When he had washed his hands and face, and had swallowed the very copious but weak allowance of brandy-and-water which his wife mixed for him, he took the eldest boy on his lap and fondled him. "By George!" he said, "old fellow, you sha'n't be a squatter."

"Why not, Harry?" asked his wife.

"Because I don't want him to break his heart every day of his life."

"Are you always breaking yours? I thought your heart was pretty well hardened now."

"When a man talks of his heart, you and Kate are thinking of loves and doves, of course."

"I wasn't thinking of loves and doves, Harry," said Kate." I was thinking how very hot it must have been to-day. We could only bear it in the veranda by keeping the blinds always wet. I don't wonder that you were troubled."

"That comes from heaven or Providence, or from something that one knows to be unassailable, and therefore one can put up with it. Even if one gets a sun-stroke one does not complain. The sun has a right to be there, and is no interloper, like a free-selector. I can't understand why free-selectors and mosquitoes should have been introduced into the arrangements of the world."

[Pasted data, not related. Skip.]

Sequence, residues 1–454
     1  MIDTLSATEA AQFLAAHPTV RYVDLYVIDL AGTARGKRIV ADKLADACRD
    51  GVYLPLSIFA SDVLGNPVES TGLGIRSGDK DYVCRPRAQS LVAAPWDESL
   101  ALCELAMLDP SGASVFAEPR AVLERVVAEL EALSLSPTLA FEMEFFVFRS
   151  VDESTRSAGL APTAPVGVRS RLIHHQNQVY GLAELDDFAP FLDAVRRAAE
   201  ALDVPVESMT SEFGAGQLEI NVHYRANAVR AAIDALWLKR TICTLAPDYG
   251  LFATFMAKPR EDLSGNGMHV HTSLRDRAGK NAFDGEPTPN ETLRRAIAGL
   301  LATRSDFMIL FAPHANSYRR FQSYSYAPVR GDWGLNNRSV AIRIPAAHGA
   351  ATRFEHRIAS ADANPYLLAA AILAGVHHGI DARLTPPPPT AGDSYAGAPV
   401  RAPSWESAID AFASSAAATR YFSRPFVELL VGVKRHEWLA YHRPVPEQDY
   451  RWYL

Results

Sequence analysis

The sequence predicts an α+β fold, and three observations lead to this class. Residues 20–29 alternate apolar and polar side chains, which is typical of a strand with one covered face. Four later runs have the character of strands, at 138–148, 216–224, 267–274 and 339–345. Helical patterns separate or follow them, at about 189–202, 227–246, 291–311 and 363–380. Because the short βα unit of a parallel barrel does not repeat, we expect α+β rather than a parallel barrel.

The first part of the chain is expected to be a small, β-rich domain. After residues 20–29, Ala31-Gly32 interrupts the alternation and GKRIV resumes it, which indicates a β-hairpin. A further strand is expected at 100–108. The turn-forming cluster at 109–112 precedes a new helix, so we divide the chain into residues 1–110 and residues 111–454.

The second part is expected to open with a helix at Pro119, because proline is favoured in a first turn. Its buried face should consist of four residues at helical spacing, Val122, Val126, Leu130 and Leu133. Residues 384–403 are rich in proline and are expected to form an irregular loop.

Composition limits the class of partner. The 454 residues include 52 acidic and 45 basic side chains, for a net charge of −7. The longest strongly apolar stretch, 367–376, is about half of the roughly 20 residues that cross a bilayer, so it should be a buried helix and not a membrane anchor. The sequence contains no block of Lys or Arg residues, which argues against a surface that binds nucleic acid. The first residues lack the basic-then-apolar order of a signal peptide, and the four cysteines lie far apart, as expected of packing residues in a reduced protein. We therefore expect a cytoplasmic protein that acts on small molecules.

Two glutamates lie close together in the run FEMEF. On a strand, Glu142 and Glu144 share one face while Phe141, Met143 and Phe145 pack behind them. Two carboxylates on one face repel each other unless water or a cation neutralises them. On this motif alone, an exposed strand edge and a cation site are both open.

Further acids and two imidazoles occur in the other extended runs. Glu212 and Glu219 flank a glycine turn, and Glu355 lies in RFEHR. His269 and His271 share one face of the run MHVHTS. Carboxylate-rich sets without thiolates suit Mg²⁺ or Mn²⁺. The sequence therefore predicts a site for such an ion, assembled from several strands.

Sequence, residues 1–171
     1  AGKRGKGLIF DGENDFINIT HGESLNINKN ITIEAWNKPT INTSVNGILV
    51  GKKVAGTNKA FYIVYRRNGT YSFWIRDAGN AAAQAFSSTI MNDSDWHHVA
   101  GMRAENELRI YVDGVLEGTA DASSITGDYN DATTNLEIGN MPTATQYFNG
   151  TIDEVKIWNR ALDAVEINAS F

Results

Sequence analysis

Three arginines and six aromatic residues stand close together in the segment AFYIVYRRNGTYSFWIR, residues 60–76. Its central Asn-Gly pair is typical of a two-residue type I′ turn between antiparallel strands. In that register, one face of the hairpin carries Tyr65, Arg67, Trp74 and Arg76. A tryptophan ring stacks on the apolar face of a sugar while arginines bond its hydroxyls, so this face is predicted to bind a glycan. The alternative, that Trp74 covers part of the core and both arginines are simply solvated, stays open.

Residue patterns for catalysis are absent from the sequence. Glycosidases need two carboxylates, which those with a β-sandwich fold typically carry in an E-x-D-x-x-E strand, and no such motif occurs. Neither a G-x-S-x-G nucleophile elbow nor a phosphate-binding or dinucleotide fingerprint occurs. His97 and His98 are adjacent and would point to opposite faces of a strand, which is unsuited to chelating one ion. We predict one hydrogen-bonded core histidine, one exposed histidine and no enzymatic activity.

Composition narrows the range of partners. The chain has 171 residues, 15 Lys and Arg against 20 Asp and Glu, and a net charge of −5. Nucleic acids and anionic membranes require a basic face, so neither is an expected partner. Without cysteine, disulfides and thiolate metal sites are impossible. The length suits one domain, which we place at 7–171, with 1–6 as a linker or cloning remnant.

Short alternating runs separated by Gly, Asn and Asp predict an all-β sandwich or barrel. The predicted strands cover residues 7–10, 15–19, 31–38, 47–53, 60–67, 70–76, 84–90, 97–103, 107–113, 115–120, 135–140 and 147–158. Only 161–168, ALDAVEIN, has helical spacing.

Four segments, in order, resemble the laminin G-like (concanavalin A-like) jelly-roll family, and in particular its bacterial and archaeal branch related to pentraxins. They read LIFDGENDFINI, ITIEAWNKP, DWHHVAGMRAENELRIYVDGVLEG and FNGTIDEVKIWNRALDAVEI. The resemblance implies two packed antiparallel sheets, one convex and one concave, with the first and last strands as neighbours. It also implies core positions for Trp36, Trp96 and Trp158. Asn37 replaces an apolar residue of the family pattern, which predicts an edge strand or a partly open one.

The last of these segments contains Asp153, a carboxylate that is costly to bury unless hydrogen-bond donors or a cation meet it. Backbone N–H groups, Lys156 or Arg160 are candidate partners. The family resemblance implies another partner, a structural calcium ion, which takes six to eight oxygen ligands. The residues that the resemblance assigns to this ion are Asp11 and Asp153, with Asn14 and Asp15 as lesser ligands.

"I s'pose the poor must live somewheres, and 'squiters too," said Mrs. Growler, the old maid-servant, as she put a boiled leg of mutton on the table. "Now, Mr. Harry, if you're hungered, there's something for you to eat in spite of the free-selectors."

"Mrs. Growler," said the master, "excuse me for saying that you jump to conclusions."

"My jumping is pretty well-nigh done," said the old woman.

"By no means. I find that old people can jump quite as briskly as young. You have rebuked me under the impression that I was grudging something to the poor. Let me explain to you that a free-selector may be, and very often is, a rich man. He whom I had in my mind is not a poor man. though I won't swear but what he will be before a year is over."

"I know who you mean, Mr. Harry; you mean the Medlicots. A very nice gentleman is Mr. Medlicot, and a very nice old lady is Mrs. Medlicot. And a deal of good they're going to do, by all accounts."

"Now, Mrs. Growler, that will do," said the wife.

The dinner consisted of a boiled leg of mutton, a large piece of roast beef, potatoes, onions, and an immense pot of tea. No glasses were even put upon the table. The two ladies had dressed for dinner, and were bright and pretty as they would have been in a country house at home; but Harry Heathcote had sat down just as he had entered the room.

Harry Heathcote of Gangoil - 1/23